The fact that the trip was off to a slow start was made clear when my car arrived at the Yeoman Trailhead at 4:30 pm and we were the second to the parking lot. The rigors of office work, an afternoon Calculus class, a 500-mile drive, a debilitating hangover, just plain laziness, and car-lessness were all listed as excuses. None of these would shorten the hike; it was going to be a late night. The eight-mile skin took the thirteen of us between six and eight hours. We made our way up the even grade of the forest road, and by nightfall separated into smaller groups. After separating, our parties navigated through the dark alone, or in groups of two or three. Our roaming canine companion, Poncho, encouraged everyone along the way. Although this worm of a dog wore no collar, a jingling sound was imagined by certain members of our party.
Seven and three quarter miles after leaving the trailhead we climbed a steep rise in the road and rounded a bend. Besides the snowed over trail, a “no snowmobile” sign was the only sign of human presence in several miles, and a welcome indication that we were headed in the right direction. A short ways later, in the snowy darkness we glimpsed the soft glowing lights of solar powered electricity.
Frustration quickly melted into relief as the victory shout echoed slowly back from the front of the group, to the rear, where the bravest souls trudged upward with our two heavy sleds.
Upon arrival at the cabin, we were greeted by new club members Jared and Jack, who had a warm fire raging. They introduced themselves, and became our voices of reason and models of preparedness for the trip. So began the festivities. Beers were cracked. Wine was poured from a bag. After a prayer, paying respect to the knee dropping World War II veterans of the 10th Mountain Division*, a delicious pasta dinner was inhaled.
After a welcome, wood-stove warmed sleep, a feast of eggs and bacon provided our sustenance for the afternoon. Eleven tele skiers and two alpine skiers, set out to enjoy the bountiful powder surrounding us.
Jared, Jack, and outdoorsman extraordinaire Jeffrey Tarshis dug a snow pit, with the shots being called and analysis interpreted by our intrepid leader and co-founder Sam Shiverick.
These four took on the role of snow scientists and performed compression tests. We identified some scary layers deep in the snow pack, and decided to stay very safe throughout the day.
Lapping mellow powder became the name of the game.
The gloriously deep day was full of knee dropping, tele-face plants, whoops, laughs, skinning, and blister development. Pure beginners gained some experience, if only slightly, in the foot of fresh snow.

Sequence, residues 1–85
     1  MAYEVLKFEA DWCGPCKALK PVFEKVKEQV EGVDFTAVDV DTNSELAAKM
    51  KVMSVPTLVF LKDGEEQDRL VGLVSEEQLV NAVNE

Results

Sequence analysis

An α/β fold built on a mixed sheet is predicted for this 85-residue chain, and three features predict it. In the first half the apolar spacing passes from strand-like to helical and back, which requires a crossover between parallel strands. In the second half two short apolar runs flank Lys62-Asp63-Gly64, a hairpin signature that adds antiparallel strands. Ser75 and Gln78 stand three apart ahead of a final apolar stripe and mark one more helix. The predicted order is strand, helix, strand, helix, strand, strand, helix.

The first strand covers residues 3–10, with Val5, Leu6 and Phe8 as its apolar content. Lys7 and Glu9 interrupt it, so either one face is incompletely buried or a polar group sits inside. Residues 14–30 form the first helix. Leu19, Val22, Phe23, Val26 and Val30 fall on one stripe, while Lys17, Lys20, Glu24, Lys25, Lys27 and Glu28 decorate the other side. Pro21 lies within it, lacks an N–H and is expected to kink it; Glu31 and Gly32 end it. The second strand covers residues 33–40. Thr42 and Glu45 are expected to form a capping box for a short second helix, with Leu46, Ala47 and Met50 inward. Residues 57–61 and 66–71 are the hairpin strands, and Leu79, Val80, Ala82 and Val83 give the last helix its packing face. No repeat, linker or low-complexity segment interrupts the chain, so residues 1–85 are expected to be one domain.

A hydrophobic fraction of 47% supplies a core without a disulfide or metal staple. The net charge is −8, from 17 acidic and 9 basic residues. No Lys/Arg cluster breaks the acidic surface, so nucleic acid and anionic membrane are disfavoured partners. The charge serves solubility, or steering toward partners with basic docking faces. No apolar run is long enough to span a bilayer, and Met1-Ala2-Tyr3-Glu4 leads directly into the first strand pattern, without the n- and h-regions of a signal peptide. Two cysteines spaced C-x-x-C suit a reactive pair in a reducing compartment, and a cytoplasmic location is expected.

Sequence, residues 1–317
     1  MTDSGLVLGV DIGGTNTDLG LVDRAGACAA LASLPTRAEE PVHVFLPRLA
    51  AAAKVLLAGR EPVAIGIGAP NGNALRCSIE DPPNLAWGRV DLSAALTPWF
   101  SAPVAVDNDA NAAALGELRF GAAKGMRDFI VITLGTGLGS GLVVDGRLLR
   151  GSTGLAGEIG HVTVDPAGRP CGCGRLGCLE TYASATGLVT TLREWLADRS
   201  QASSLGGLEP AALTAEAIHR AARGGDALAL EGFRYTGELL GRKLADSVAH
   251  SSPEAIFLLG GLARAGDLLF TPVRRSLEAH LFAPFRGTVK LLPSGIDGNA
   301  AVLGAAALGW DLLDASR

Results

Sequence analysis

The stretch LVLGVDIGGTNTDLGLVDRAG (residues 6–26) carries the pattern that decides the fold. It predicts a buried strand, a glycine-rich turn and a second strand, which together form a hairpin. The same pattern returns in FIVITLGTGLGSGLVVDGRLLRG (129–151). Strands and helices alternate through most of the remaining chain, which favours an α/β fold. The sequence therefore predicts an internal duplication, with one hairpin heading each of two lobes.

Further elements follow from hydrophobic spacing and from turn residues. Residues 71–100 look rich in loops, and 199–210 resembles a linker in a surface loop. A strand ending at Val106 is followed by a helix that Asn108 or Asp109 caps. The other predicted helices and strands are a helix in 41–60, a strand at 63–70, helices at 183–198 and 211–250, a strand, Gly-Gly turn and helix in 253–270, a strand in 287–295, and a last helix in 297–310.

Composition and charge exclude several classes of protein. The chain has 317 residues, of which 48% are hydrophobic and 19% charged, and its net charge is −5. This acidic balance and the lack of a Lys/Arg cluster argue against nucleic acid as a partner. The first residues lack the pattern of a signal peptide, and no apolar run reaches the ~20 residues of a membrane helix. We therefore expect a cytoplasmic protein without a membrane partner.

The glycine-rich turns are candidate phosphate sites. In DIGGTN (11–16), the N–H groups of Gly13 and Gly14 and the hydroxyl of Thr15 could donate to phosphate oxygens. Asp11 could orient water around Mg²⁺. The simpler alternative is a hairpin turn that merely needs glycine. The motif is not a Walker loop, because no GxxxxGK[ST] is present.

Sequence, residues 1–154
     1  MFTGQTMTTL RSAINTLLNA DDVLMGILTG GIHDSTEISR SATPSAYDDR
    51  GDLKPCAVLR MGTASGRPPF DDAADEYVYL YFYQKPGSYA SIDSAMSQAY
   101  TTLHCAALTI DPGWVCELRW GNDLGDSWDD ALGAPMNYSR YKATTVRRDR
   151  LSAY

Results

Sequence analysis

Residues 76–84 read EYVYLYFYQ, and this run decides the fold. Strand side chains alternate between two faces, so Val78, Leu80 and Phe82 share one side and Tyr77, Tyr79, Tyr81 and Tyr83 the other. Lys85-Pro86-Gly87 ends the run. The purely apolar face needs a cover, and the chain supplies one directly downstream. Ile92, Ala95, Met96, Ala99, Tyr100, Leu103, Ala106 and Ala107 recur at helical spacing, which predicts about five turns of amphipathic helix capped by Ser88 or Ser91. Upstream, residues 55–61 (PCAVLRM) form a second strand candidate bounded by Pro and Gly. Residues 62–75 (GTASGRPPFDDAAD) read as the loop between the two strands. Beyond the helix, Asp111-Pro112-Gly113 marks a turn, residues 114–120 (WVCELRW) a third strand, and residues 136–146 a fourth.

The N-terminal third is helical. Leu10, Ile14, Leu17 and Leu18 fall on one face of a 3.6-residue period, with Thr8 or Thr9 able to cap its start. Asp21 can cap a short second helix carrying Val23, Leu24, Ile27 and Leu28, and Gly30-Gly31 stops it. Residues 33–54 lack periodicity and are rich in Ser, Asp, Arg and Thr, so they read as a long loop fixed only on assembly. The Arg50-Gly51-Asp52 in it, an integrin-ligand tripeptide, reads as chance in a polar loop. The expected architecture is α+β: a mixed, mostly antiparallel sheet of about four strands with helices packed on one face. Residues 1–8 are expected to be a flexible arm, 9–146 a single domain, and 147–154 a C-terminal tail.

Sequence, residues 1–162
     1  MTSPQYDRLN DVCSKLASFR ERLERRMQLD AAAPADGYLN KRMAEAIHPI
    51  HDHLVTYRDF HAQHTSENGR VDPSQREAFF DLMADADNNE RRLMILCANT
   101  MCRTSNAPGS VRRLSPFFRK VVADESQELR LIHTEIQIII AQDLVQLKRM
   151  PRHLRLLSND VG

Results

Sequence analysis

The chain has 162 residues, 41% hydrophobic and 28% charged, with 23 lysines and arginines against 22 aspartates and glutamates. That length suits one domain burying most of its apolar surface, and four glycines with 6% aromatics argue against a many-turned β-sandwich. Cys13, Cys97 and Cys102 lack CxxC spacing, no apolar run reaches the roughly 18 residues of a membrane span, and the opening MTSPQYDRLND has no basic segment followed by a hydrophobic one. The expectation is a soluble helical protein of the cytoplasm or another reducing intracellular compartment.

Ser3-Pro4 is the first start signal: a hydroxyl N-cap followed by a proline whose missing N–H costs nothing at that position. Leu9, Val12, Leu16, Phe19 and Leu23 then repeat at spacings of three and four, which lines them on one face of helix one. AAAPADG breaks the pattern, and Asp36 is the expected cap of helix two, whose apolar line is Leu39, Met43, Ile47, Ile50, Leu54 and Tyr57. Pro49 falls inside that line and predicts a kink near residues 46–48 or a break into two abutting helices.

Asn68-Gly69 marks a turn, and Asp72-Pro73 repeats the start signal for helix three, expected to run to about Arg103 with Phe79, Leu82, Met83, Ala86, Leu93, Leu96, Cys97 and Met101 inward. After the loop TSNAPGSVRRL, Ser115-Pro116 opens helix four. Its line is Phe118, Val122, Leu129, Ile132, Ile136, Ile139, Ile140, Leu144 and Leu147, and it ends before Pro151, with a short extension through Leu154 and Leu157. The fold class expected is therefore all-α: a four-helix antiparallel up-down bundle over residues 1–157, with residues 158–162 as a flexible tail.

Missteps were rewarded with joyous tele-powder-rolls.
All of this exertion quickly led to widespread exhaustion.
By sunset at seven o’clock, we had thoroughly harvested the powder fields of Prospect Peak above the cabin, and the Blaze Meadows below.
After the hard work on the slopes, the task of consuming the 200 beers provided by Avery Brewing, along with the twelve Molsons provided by Will Westerfield, became the most formidable challenge of the trip.
The gentlemen of the Boulder Telemark Club stepped up admirably to the job. In a performance that would have made the grizzled mountain soldiers of the 10th Mountain Division proud, we finished all but a few straggling beers. These revealed themselves in the days to come hidden deep in our packs, encased in mittens, hats and jacket pockets, as souvenirs of the trip.
The day concluded with an excellent dinner of well-stuffed burritos, and a night of tele-wisdom and merryment. Sleep snuck up quickly on our day of festivities. In the morning we trekked down through a warm April day back to the Yeoman parking lot, and parted ways.
The cool, snowy weather and face shots were all of a sudden miles away. We left with a batch of fresh knee dropping memories and several, strange new knee-dropping friends a piece.
Thanks to Avery Brewing for the hoppy beers, Twenty-Two Designs for the hinged bindings, and the enthusiasm of the members of the Boulder Telmark Club who made this year a smashing success. Always remember the famous words of Warren Miller’s tele skiing brother Earl, “If you don’t drop a knee this year, you’ll be one year older when you do.”
*We found a 10th mountain Division Soldier’s memoir in the hut’s library. The writer’s reference to a skier who made beautiful alpine style turns with the rear tip weighted, but struggled to ski with a heavy pack, suggests that some of the Camp Hale soldiers may have been tele skiers.